Data governance framework seen as bedrock of airline MDM strategy

Data governance emerges as a prerequisite for a sustainable, long-term master data management strategy.

Like many organisations managing huge stores of potentially valuable data, Air France-KLM believes it has much to gain from an effective master data management (MDM) strategy, both in terms of streamlining business intelligence (BI) processes and delivering reliable business insights to operational teams. At the same time, the airline group knows it has much to lose by rushing headlong into a decision on MDM tools and deployment strategies without carefully laying the groundwork first.

That’s the view of Philippe Profit, who runs Air France-KLM’s business intelligence competency centre (BICC). For Profit and his team, he said, the time has come “to set a new bearing and to move in a new direction with BI,” not least because of the need to achieve a greater level of consistency between the data held separately by the two airlines that merged in 2004 to create the Air France-KLM group.

Each company – Air France and KLM – has its own data on flights, crews, engineering and maintenance, ground services and commercial back-office operations. And both airlines have their own distinct histories in managing master data, Profit said.

So before embarking on an MDM project to marry the two sets of master data, Profit believes it is essential that a rock-solid data governance programme be in place. “Without data governance, effective use of data is always going to be limited, and any kind of conflict resolution in regards to master data will be a dead-end effort,” he said.

Data governance a must for MDM

That view is echoed elsewhere. Rob Karel, an analyst with IT market research company Forrester Research, stated that “data governance roles, responsibilities, policies, processes and organisational alignment must be a prerequisite for any MDM architecture or technology decision.”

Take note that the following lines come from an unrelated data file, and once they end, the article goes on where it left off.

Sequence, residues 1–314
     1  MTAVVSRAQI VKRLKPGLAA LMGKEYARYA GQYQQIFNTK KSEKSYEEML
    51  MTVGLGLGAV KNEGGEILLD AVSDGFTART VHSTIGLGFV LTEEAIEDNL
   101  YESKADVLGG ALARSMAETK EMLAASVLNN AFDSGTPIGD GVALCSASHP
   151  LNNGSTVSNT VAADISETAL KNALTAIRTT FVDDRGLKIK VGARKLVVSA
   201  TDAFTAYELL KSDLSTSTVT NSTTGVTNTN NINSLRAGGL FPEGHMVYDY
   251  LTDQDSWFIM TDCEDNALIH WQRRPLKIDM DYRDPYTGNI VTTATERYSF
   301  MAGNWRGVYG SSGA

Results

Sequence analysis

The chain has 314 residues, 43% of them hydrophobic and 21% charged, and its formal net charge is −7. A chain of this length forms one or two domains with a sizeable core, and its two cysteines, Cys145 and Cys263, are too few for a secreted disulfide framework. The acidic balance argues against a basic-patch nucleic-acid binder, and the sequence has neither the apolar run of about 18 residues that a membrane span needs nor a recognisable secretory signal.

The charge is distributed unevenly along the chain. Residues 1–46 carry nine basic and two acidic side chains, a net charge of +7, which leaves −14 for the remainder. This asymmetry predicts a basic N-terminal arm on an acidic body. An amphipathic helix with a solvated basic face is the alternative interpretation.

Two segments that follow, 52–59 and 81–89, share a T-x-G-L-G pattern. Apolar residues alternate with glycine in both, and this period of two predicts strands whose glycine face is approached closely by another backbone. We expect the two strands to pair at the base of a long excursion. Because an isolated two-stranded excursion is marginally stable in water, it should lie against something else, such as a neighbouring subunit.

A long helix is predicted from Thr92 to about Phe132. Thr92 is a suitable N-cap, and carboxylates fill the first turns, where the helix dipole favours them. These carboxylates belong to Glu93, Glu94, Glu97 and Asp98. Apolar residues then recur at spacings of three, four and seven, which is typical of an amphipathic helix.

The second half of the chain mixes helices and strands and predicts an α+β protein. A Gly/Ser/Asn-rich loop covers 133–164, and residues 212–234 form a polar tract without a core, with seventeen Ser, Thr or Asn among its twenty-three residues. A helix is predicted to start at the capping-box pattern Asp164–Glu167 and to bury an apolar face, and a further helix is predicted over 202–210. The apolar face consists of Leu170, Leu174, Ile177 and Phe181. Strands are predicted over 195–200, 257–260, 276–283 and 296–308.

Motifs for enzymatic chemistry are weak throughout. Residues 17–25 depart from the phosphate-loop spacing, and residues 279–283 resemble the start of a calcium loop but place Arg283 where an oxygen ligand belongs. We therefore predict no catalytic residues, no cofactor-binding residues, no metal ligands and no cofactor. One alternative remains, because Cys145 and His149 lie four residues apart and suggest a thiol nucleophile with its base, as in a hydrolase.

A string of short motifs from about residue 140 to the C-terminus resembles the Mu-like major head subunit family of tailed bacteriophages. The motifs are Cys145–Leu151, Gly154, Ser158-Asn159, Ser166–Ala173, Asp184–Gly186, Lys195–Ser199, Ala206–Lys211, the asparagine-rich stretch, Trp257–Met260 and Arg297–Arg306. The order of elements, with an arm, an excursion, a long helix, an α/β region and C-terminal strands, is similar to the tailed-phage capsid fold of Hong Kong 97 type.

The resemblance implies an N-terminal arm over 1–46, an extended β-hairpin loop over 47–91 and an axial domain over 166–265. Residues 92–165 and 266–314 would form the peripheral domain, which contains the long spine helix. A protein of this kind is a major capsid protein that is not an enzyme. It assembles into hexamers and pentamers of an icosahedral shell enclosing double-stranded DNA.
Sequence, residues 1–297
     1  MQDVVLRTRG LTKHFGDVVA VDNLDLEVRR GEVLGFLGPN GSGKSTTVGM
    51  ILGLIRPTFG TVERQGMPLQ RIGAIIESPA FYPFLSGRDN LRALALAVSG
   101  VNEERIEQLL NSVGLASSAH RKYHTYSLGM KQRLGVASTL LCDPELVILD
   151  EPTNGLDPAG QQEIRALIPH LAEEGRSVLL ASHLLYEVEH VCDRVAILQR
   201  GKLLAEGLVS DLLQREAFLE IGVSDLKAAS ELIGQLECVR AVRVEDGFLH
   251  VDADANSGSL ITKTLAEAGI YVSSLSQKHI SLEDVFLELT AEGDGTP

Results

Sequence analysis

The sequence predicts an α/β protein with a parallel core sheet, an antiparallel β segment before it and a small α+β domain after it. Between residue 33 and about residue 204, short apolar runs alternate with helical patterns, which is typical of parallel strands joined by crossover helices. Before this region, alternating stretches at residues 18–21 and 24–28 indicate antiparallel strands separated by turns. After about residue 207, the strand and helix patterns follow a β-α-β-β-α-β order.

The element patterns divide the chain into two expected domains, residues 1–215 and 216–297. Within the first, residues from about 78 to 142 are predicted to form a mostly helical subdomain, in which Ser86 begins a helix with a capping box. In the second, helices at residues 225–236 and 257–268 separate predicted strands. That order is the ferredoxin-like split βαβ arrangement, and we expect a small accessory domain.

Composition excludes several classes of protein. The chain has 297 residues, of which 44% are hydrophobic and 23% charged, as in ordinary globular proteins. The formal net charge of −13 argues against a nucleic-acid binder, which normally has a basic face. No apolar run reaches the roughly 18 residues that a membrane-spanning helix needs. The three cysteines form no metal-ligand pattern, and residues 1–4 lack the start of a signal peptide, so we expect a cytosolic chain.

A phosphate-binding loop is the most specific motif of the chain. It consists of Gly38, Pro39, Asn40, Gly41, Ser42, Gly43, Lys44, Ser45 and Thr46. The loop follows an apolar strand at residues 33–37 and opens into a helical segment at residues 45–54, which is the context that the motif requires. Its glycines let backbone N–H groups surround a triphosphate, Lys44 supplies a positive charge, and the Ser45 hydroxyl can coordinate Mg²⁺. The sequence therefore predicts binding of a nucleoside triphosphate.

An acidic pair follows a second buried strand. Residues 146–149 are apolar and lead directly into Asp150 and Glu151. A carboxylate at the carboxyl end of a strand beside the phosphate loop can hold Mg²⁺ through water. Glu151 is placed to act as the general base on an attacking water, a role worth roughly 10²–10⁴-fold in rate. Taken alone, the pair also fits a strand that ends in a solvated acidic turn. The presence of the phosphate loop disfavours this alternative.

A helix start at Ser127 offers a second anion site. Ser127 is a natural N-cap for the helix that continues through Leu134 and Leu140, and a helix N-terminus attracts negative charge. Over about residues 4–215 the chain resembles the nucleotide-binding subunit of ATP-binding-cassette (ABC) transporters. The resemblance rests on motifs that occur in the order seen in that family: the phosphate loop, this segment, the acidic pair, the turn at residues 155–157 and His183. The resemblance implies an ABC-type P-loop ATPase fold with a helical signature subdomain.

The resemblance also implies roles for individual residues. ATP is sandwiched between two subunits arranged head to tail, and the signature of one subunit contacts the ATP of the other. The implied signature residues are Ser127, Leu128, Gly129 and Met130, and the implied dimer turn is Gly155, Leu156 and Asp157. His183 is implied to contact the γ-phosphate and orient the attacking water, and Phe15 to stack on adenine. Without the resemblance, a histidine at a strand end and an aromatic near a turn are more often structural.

But while MDM maturity involves a critical dependency on data governance, the conversations that Karel and his team have with Forrester clients suggest that very few have achieved that level yet. In a November 2010 survey of 188 IT professionals with MDM experience, only 17% of those asked to rate their organisations on data governance maturity felt that a high level had been reached. Eighty-one percent, by contrast, said their organisations displayed “average” or “very low” maturity.

Like Air France-KLM, many organisations are interested in MDM: Forrester saw a 90% increase in MDM-related client inquiries between the start of 2008 and the end of last year, according to Karel – and that, he noted, doesn’t include the significant growth in complementary inquiry topics, including data governance.

Karel expects the slow evolution of MDM to continue over the course of this year. “But most likely three or more years will pass before the barriers to adoption for MDM start to crumble for real,” he said. “Organisational barriers like executive sponsorship, lack of data governance and lack of alignment with business priorities remain significant hurdles that won’t be overcome quickly.”

Karel’s message is clear: Only when the business as a whole takes responsibility and accountability for the master data that affects business processes and decision making will MDM truly become a strategic investment that can deliver significant business value.

For many organisations, said Karel, there is still much work to do in getting the technical competencies and infrastructure in place for effective data integration before MDM can even be considered. Or, as he put, it: “Can you move data from point A to point B with integrity and confidence? The ability for your organisation to manage both the scheduled batch and near-real-time transactional movement of data from one system to another system serves as a critical enabler for a complex MDM architecture.”

Data integration at British Airways

Improving data integration efficiency has become a major focus at another airline, British Airways, which over time will face new BI challenges arising from its acquisition last year of Iberia.